Floods and mudslides can occur during the wet season (October - March). Heavy rains during this time can result in areas of the Jakarta region being affected by flood waters. Key services, such as emergency and medical care, telecommunications, transport, and the supply of food and water are often disrupted during floods and mudslides. Should our trips be affected by floods during this time we may need to reroute our itineraries and travellers may need to use their contingency funds to cover additional costs.
Indonesia has many active volcanoes that can erupt at any time and cause widespread disruption. Alert levels may be raised and evacuations ordered at short notice. Follow the instructions and advice of local authorities, including any evacuation orders. In the event of or following an eruption you should contact your travel insurance provider directly to ask if your policy is affected by the volcanic activity. For information regarding whether your itinerary has been affected.
The most recent eruptions have been:
- Mt Agung, East Bali. Mount Agung has shown increased volcanic activity since late-September 2017. Ash from the volcano has disrupted flights. There is currently an exclusion zone around the crater, which may change at short notice.
- Mount Merapi (near Yogyakarta). Following an eruption in May 2018, people in the area were evacuated by local authorities.
- Mount Rinjani, on Lombok (near Bali), has erupted numerous times in recent years causing flight disruptions in Bali and Lombok.
Indonesia is in an active earthquake region with a high level of earthquake activity, sometimes triggering tsunamis. Earthquakes can occur anywhere in Indonesia. In the event of a natural disaster, follow the advice of local authorities. In the event of or following an earthquake you should contact your travel insurance provider directly to ask if your policy is affected by the event.
The most recent earthquakes have been:
- Lombok & the Gili Islands. A series of powerful earthquakes caused widespread damage and loss of life in northern Lombok and the Gili Islands in July and August 2018. Tourist facilities such as hotels and restaurants that temporarily closed as a result of the earthquakes are progressively reopening and ferry services are operating.
NATIONAL INDEPENDENCE DAY:
Always celebrated on August 17, this is Indonesia's national day and marks Indonesia's declaration of independence from the Netherlands in 1945. Around this time you may experience some delays to transport due to events, or alternative accommodation may be need to be sourced due to it being a peak time.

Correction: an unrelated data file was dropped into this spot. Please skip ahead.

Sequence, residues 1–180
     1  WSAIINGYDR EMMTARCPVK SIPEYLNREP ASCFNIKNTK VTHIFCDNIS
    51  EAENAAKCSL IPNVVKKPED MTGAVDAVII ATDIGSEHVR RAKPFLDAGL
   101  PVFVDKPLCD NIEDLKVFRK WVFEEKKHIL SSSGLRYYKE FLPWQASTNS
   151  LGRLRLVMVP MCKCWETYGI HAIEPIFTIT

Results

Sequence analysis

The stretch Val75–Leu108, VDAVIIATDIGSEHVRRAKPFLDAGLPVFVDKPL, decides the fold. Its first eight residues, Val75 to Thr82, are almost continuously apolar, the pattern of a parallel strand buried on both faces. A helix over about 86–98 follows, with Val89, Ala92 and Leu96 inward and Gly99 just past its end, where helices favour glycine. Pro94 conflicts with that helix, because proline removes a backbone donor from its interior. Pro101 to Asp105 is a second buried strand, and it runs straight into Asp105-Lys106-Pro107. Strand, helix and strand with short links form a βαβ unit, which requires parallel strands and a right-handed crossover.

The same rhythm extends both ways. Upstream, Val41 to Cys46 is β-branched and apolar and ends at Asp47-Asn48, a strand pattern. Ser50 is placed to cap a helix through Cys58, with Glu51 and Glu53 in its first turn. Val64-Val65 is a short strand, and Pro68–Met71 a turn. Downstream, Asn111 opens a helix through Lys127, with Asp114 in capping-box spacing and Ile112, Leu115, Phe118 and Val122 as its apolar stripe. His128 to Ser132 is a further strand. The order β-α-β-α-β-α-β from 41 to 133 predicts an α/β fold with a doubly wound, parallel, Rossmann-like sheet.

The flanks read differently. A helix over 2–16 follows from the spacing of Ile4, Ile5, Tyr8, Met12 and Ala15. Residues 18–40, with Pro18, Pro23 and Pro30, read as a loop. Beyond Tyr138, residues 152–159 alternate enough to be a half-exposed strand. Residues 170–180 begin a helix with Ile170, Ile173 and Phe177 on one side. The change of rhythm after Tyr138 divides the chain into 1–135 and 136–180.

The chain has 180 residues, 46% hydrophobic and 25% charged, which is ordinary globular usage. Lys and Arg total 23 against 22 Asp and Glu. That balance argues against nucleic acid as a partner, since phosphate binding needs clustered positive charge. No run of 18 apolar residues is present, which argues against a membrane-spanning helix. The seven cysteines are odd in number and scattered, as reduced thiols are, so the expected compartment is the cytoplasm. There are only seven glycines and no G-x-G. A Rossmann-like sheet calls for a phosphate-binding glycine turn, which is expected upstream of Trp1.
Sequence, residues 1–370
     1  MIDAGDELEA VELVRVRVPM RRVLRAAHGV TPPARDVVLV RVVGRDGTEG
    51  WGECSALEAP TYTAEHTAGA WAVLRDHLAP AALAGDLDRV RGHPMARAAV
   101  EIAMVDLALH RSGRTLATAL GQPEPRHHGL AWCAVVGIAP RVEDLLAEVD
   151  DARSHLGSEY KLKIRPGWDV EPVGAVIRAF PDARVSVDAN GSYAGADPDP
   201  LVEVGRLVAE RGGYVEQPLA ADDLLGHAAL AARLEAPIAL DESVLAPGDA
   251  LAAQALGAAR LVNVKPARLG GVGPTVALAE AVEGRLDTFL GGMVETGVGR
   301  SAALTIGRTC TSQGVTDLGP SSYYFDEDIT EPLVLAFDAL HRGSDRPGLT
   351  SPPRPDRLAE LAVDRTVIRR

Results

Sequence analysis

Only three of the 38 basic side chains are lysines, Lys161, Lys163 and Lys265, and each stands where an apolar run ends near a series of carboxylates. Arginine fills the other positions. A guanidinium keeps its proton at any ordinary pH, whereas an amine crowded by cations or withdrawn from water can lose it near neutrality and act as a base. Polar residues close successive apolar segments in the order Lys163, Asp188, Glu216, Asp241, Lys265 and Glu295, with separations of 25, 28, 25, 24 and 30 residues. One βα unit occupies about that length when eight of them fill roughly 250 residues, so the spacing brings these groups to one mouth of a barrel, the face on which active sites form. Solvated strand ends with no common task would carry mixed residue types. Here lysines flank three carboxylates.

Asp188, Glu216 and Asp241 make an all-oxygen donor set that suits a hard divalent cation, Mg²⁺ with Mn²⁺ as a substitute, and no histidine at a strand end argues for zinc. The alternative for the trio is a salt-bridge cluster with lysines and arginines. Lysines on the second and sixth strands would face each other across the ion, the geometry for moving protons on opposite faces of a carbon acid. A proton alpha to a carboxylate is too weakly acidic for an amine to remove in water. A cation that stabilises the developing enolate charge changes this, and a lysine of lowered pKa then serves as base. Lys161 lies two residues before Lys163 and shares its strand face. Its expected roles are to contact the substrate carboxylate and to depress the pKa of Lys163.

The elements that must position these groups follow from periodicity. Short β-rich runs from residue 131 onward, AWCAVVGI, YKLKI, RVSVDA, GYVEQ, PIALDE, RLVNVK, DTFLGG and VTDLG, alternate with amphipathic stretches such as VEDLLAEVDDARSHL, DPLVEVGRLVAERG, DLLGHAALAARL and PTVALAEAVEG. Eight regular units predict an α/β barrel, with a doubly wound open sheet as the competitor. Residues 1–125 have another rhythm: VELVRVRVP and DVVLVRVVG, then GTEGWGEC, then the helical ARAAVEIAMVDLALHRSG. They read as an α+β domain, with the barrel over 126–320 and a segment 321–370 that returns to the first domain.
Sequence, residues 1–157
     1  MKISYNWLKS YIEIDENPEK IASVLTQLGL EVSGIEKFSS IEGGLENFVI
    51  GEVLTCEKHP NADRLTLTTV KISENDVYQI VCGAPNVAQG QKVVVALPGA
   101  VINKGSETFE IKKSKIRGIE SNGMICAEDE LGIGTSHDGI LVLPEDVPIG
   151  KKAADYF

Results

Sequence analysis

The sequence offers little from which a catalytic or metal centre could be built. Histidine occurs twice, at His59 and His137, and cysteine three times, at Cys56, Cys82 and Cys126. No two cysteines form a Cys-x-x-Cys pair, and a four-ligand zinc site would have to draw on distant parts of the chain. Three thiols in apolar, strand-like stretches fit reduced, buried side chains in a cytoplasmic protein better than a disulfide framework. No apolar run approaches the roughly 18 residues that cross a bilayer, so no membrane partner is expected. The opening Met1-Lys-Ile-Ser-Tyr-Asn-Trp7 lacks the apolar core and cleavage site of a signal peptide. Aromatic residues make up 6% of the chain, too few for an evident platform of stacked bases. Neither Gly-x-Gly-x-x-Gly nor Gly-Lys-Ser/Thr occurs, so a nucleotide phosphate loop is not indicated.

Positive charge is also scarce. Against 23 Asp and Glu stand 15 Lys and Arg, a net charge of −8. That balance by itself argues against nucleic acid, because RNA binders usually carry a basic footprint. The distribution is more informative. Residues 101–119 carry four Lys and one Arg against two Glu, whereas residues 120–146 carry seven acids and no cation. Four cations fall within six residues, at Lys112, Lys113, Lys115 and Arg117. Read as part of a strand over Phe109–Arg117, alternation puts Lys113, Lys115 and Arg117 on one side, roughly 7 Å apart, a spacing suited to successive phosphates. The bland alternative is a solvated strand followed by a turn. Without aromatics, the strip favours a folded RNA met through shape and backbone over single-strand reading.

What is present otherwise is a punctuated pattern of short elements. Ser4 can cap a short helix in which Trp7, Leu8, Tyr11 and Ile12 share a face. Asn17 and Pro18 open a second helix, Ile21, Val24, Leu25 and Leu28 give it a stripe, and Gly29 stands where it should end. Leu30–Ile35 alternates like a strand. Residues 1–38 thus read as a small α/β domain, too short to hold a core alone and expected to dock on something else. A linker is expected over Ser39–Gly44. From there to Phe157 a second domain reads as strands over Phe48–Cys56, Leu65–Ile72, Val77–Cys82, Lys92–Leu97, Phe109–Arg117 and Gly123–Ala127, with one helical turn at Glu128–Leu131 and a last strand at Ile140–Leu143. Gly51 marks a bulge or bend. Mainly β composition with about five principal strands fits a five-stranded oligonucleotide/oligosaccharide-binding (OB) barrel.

NYEPI - BALINESE NEW YEAR :
Nyepi is a Balinese "Day of Silence" that is commemorated every Isakawarsa according to the Balinese calendar. It is a Hindu celebration mainly celebrated in Bali. Custom requires that all people in Bali observe a day of silence and do not leave their homes. Flights to/from Denpasar airport will be suspended for this day and majority of services and businesses do not operate. It is expected that travellers will respect the traditions of the Balinese people during Nyepi and stay within their accommodation at this time. Dates for Nyepi may change, but are currently: 14th March 2021, 3rd March 2022
The important month of Ramadan will be in progress 22 March - 20 April 2023 and 10 March to 08 April 2024, and the Eid ul-Fitr festival will be held directly at its conclusion for 3-4 days. Ramadan is a festival of sacrifice where the devout refrain from eating or drinking during daylight hours. During Ramadan, business hours are shortened, including opening hours at some tourist attractions. Alcohol is not permitted during daylight hours and many restaurants will be closed. While you should expect some delays and inconveniences during this period, the month is a fantastic opportunity to travel in a Muslim country and witness this unique period, particularly the nightly celebrations when the sun sets and the fast is broken. Please note that although the Eid ul-Fitr festival can also be a fascinating time to travel it's a period of national holiday. Most government offices and businesses will be closed and some tourist site opening hours may be affected.